Enormous Changes at the Last Minute Analysis

Grace Paley

Form and Content

(Masterpieces of Women's Literature)

Enormous Changes at the Last Minute, which contains seventeen stories that originally appeared in The Atlantic, Esquire, and other magazines, is the second of Grace Paley’s highly regarded collections of stories. The Little Disturbances of Man, with eleven stories, appeared in 1959, and her third collection, Later the Same Day, containing seventeen stories, appeared in 1985. It is not a large corpus, and it has not generated extensive formal commentary and criticism. Yet it is a body of work loved and respected by many readers, especially women, who hear in Paley a familiar and long-silent voice, and other writers, who know that she is a consummate master of her craft who constantly experiments with the basic nature of narrative structure.

A number of stories in Enormous Changes at the Last Minute are so short that they seem carefully crafted situations symbolic of the circumstances of women. “Wants,” a three-page piece in which a woman meets her former husband at the library when she returns books she has had checked out for eight years, effectively expresses a woman’s basic desire to be the kind of person who returns books in two weeks, stays married to the same person forever, and addresses the Board of Estimate on the troubles of urban centers. In “Living,” a woman calls a friend to tell her she is dying. Yet the friend, a character named Faith who plays a role in a number of Paley stories, says that she is dying too, for her menstrual bleeding will not stop; the story is a poignant but restrained...

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(Masterpieces of Women's Literature)

A central question often raised about Paley’s stories is whether they support the feminist premise that women’s language and modes of storytelling are radically different from those of men. The two issues often raised are whether the stories of women are likely to be less linear and more open-ended than those of men, which seem more goal-oriented, and whether the stories of women focus more on collaboration and community than those of men, who are more likely to be highly egotistic and self-centered. Although these questions are often debated and remain unresolved in feminist criticism, it seems quite clear that Paley is very much focused on the community of women who must talk with one another and make their voices heard. In an interview, Paley once said, “Our voices are, if not getting a lot louder, getting so numerous. We’re talking to each other more and more.”

Moreover, Paley is convinced that women banding together and talking to one another, especially mothers, constitute a powerful political force for social change. When women have children, they become involved in community affairs, Paley says, because their concern is protection of the children. Indeed, in many Paley stories the community of mothers on the playground constitutes a central source of social consciousness.

Yet for all this concern with community and social responsibility, Paley’s stories are far from solemn feminist tracts. Instead, they are characterized by an earthy awareness of urban folk culture combined with an often bawdy sense of humor. The women in Paley’s stories rebel against the traditional role of women as passive partners in sexuality, and at the same time they reject the image of men as the answer to all women’s needs. As Mrs. Luddy says to Faith in “The Long-Distance Runner,” men thought that they were bringing women a rare gift, but it was only sex, “which is common like bread, though essential.” As Faith and Mrs. Luddy talk, the reader begins to realize that it is this very talk that Paley tries to capture and commemorate, for it is the sharing of stories among women that creates collaboration, community, and freedom.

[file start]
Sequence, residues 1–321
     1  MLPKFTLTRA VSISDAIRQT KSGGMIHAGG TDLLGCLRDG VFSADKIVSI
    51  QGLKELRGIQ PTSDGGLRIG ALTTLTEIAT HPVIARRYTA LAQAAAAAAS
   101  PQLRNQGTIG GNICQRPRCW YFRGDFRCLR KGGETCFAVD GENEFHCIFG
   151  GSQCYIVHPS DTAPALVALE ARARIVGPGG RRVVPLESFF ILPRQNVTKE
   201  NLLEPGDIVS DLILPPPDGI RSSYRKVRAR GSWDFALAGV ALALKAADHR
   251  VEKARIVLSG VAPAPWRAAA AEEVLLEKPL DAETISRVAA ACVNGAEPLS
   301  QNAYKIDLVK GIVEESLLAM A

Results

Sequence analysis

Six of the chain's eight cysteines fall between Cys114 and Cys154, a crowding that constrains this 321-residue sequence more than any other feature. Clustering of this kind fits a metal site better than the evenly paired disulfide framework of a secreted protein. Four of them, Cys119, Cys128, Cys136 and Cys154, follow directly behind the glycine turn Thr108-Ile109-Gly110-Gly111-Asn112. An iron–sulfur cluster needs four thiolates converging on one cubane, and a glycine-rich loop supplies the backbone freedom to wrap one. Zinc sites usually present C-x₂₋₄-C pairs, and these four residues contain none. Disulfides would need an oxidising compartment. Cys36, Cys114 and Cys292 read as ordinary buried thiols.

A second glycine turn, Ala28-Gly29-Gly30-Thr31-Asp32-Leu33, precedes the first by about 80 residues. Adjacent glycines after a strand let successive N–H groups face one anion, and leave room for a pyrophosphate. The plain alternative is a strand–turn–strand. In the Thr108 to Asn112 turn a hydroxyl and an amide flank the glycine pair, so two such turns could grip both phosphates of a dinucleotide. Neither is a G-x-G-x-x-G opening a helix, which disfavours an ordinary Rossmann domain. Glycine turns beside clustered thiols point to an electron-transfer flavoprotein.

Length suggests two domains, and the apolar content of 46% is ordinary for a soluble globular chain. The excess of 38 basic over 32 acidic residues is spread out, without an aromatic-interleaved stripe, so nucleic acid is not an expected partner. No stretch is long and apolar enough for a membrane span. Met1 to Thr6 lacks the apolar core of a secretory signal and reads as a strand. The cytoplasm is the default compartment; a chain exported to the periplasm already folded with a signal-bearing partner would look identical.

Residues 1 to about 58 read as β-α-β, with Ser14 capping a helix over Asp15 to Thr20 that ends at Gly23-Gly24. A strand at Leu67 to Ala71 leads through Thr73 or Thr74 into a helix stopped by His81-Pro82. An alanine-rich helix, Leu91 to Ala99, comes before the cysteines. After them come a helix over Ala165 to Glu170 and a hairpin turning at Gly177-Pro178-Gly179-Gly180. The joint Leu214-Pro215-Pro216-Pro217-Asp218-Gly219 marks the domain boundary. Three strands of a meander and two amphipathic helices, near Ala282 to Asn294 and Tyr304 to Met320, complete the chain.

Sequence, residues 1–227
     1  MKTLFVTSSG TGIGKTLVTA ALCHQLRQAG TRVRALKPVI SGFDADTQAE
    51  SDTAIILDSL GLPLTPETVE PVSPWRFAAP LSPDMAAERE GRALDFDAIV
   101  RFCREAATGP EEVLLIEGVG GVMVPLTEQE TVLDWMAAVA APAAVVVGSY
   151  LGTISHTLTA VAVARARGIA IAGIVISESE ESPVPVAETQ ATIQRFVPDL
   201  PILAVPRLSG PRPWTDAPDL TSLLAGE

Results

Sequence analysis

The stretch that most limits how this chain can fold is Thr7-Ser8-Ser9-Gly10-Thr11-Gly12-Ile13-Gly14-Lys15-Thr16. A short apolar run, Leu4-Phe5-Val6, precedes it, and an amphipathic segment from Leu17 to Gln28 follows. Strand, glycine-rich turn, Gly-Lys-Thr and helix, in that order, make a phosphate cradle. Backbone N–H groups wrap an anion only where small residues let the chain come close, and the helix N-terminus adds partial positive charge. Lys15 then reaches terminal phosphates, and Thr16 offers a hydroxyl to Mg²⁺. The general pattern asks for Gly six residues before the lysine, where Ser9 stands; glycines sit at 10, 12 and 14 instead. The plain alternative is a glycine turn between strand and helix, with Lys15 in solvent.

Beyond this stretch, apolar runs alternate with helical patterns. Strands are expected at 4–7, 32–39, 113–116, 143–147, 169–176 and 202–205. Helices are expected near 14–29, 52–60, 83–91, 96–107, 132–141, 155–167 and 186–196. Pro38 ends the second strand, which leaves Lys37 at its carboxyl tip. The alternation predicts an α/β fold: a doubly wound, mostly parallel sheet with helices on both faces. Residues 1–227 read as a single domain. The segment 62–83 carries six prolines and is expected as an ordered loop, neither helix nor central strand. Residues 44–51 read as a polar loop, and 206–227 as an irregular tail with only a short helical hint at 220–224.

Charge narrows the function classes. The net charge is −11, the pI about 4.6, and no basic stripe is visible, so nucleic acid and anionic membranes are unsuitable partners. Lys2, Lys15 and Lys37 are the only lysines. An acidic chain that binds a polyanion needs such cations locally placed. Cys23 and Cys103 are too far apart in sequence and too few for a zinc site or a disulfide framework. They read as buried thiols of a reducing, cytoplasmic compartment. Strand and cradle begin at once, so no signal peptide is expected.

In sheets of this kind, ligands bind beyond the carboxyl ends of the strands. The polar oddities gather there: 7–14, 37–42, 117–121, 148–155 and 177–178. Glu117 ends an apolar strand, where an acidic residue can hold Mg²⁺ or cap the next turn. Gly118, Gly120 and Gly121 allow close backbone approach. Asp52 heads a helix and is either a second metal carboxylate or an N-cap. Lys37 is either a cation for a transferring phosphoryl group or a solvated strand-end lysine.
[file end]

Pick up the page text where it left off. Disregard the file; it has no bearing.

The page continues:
(Society and Self, Critical Representations in Literature)

Aarons, Victoria. “Talking Lives: Storytelling and Renewal in Grace Paley’s Short Fiction.” Studies in American Jewish Literature 9 (Spring, 1990): 20-35. Argues that Paley empowers her characters through their propensity for telling stories. By telling their stories, her characters try to gain some control over their lives and reconstruct their experience.

Baba, Minako. “Faith Darwin as Writer-Heroine: A Study of Grace Paley’s Short Stories.” Studies in American Jewish Literature 7 (Spring, 1988): 40-54. Charts the development of Faith Darwin, a central figure in Paley’s first three collections of stories. In Enormous Changes at the Last Minute, Baba focuses on “Faith in the Afternoon,” in which the character pities herself as an abandoned wife, “Faith in a Tree,” in which she considers the life of a writer and decides to focus on social issues, and “The Long-Distance Runner,” in which she develops a relationship with an African American matriarch.

Criswell, Jeanne Salladé. “Cynthia Ozick and Grace Paley: Diverse Visions in Jewish and Women’s Literature.” In Since Flannery O’Connor: Essays on the Contemporary American Short Story, edited by Loren Logsdon and Charles W. Mayer. Macomb: Western Illinois University Press, 1987. Criswell acknowledges the shared Jewish and feminist background of...

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